Socially-conscious banker Thomas Dickson faces a crisis when his protégé is wrongly accused for robbing the bank, gossip of the robbery starts a bank run, and evidence suggests Dickson's wife had an affair...all in the same day.
A French explorer enlists the help of the US Navy in an expedition to the South Pole. There is competition between the airship division and fixed wing fliers, resolved in triumph and disasters.Written by
Michael Crew <firstname.lastname@example.org>
The production was shot during a California heat wave. To form vapor on the breath and give the impression that the pilots were in the Antarctic, the performers were given lumps of 'dry ice' (frozen carbon dioxide) in metal boxes to put in their mouths. Hobart Bosworth found the box cumbersome and simply put the ice in his mouth. He lost his tongue and most of his lower jaw. See more »
In the opening scene, the Capitol Dome is shown outside of Admiral Martin's window. The Navy Yard is over 2 miles from the Capitol and it would not be seen from inside his office. See more »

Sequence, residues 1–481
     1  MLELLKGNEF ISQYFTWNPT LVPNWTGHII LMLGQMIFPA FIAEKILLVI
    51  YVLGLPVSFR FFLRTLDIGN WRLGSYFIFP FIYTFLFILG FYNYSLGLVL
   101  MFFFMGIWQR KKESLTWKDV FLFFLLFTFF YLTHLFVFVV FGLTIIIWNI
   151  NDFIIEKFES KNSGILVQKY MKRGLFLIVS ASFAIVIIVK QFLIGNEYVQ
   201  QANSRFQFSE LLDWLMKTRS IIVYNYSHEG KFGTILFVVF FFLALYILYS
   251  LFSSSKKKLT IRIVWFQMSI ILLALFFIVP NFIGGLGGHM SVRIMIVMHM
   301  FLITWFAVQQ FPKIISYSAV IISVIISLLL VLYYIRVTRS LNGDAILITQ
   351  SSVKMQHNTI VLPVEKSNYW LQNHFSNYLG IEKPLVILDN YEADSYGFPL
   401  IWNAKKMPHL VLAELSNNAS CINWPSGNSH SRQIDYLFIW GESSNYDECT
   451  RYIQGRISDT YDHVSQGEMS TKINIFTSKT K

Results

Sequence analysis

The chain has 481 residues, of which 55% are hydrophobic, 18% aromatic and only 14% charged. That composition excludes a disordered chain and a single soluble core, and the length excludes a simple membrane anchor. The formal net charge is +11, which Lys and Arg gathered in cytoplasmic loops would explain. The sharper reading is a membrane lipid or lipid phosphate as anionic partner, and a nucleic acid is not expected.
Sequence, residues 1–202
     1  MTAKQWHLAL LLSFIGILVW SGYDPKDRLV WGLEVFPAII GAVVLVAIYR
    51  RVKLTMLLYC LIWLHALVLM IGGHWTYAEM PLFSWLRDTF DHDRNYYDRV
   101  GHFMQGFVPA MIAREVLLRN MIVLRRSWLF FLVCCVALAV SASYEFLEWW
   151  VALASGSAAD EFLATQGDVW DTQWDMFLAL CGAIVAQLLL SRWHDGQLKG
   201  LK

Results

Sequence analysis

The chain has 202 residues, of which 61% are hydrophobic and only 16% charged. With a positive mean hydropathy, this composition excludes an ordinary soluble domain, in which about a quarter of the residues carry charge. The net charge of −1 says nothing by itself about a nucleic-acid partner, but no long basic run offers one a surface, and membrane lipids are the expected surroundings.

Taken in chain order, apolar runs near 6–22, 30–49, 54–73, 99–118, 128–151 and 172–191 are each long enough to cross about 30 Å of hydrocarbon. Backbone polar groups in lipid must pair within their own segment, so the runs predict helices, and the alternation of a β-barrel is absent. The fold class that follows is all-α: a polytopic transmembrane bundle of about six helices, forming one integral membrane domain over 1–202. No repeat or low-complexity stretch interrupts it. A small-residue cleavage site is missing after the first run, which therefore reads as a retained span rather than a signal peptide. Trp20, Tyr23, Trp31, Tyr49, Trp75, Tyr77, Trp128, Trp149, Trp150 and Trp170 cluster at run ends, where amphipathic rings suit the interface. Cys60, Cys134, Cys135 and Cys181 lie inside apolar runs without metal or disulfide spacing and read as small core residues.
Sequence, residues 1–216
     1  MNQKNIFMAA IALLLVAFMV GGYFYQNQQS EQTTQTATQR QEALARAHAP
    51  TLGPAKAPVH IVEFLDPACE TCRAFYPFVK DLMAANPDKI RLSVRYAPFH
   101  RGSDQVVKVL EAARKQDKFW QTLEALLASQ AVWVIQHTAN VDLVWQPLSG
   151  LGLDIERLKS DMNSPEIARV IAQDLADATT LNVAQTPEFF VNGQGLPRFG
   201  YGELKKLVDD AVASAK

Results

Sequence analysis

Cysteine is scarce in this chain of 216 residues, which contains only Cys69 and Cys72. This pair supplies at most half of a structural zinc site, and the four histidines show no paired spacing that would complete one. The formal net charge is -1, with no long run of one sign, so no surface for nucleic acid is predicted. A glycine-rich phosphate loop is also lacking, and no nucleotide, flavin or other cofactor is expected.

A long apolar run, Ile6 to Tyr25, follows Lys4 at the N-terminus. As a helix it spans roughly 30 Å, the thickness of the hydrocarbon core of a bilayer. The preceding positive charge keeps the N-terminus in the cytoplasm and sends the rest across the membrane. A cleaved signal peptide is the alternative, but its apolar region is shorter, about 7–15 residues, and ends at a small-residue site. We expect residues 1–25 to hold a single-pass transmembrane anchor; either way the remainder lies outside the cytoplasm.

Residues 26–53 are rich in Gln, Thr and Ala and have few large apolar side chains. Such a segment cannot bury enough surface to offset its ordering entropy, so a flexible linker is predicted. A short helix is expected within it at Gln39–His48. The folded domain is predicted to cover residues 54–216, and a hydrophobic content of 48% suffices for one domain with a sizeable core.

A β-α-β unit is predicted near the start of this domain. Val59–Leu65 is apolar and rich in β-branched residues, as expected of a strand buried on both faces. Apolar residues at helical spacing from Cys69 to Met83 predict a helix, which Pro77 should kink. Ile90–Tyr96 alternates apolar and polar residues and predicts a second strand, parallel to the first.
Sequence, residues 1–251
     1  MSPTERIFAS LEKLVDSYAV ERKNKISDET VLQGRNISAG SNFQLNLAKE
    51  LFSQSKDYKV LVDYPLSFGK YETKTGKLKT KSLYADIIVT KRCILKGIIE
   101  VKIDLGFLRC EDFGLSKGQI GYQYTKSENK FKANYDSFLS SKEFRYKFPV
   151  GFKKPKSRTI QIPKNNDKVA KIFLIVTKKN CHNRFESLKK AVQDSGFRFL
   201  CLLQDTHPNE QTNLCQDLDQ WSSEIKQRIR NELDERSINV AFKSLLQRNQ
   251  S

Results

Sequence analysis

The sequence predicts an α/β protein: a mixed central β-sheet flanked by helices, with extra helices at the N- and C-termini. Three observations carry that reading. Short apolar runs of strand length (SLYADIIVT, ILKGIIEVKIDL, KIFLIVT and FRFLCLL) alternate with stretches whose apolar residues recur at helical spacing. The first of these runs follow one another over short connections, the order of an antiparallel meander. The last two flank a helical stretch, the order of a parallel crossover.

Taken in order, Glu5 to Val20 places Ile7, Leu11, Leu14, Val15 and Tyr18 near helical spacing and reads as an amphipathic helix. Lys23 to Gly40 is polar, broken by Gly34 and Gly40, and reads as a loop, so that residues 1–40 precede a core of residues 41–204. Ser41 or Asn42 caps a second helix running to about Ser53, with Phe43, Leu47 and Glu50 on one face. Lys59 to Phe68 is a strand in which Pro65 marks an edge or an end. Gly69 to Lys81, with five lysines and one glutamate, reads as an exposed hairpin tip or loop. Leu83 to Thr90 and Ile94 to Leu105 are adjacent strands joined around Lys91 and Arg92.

Fascinating look at the U.S. Navy's airships in early '30s...
The "7" is strictly for the amazing aerial scenes involving airships or dirigibles (like the Hindenberg that crashed at Lakehurst, N.J.). In fact, all of the aviation moments are skillfully photographed for dramatic effect, especially the fierce electrical storm that destroys one of the dirigibles by pulling it apart in mid-flight.
The romance on the ground is far less convincing than the action sequences involving pilots flying to the South Pole. FAY WRAY is the femme lead, hopelessly in love with hubby RALPH GRAVES and begging his best friend JACK HOLT not to use him on his expedition to the South Pole. She's sick of staying behind and worrying about him and his grandstanding exploits. Unfortunately, none of the domestic scenes between Graves and Wray bear any semblance to reality--her weeping gets pretty tiresome before the plot is resolved.
But FAY WRAY was unquestionably a beautiful woman and director Frank Capra gives her plenty of close-ups. Her role is not particularly well written and she has trouble being anything more than a decorative ploy. RALPH GRAVES is not totally convincing as a reckless pilot. There's an awkwardness about his acting that is somewhat disconcerting here. JACK HOLT handles his role with authority and good screen presence.
A fascinating look at early aviation exploits using dirigibles and balloons when they were seriously considered to be the modern methods of aviation. Well worth watching.
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